As noted previously, with respect to public crossings, a public agency is involved in the process of determining what crossing protections are appropriate at a particular crossing. With private crossings, however, the railroad is generally solely responsible for determining what crossing protections are in order. Railroad companies in the State of Arizona are required to confirm that motorists are given reasonable notice of the approach of the railroad's trains and that crossings maintained by the railroad are reasonably safe for use of the traveling public. Simply placing a stop sign or a crossbuck sign is not enough to make crossings reasonably safe. Studies have shown, in fact, that stop signs placed at private crossings may make such crossings less safe and increase the potential for a collision.
Before such signs are placed at crossings, railroad companies are supposed to conduct an engineering study or exercise engineering judgment to determine what the appropriate signage should be at that crossing. Such an engineering study should take into account visibility at the crossing, not just from a position at a stop sign immediately in advance of the railroad tracks, but upon the approach of the railroad tracks so that drivers can determine well in advance whether a train is approaching. Similarly, the railroad is required to take into account such things as the accident history of a crossing, whether the crossing is used by school buses, hazardous material vehicles, slow moving farm trucks, semi-tractor trailers and other types of traffic. The railroad is also required to take into account the number of trains utilizing the crossing daily and the speed of those trains (which for freight trains may be as much as 75 mph, 79 mph for passenger trains).
Without considering all of the above factors, it is impossible to determine why a driver was unable to discern that there was an oncoming train in time to avoid being struck by the train. However, law enforcement investigators assigned to handle train accident cases frequently are not trained in the above analysis and are misled by the propaganda spread by railroads that all accidents are caused by inattentive drivers.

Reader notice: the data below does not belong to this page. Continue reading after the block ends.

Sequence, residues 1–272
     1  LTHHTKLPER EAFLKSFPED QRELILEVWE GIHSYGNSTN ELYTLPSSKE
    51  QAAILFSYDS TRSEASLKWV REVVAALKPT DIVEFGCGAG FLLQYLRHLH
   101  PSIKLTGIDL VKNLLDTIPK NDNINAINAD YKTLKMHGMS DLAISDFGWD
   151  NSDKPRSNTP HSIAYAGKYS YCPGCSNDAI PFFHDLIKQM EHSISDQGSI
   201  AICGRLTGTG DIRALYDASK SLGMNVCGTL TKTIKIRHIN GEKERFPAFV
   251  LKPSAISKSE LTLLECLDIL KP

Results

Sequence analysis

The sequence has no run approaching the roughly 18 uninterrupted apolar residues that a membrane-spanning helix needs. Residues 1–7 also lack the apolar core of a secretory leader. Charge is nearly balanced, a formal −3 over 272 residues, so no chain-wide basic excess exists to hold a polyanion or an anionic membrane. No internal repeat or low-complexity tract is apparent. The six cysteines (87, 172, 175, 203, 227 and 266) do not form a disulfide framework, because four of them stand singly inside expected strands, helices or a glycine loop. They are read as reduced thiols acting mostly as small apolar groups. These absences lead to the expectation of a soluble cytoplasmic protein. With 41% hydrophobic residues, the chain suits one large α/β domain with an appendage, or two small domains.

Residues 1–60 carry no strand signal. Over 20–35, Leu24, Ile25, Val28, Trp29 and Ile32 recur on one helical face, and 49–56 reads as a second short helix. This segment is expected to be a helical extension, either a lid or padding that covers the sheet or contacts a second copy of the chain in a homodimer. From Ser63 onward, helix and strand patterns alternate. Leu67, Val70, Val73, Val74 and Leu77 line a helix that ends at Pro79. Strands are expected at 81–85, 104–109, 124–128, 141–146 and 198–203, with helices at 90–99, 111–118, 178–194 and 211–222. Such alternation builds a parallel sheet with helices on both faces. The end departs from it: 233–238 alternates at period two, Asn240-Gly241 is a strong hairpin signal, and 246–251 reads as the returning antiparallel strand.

Second, there are train operations issues which must be considered after a train accident as well. These include determining whether the engineer was traveling at the appropriate speed as set by the railroad timetable, and whether any “slow order” that may have been in effect. The railroad engineers in Arizona are also required, with limited exceptions, to sound the train horn approximately one-quarter mile in advance of the crossing, and to continue doing so until the train reaches the crossing. Failure to provide this signal in the required pattern may be a contributing factor to some collisions. Likewise, train engineers are required to keep a proper lookout and determine whether actions, including deploying the train's emergency brakes, may be necessary to avoid a collision at a railroad crossing.
In sum, there are many and various reasons why drivers are not given the appropriate information at railroad crossings to allow them to recognize that a train is approaching in time to avoid being struck. Without fulling analyzing the facts of each collision, it is impossible to determine whether the railroad may have been the sole or contributing cause of one of these catastrophic events.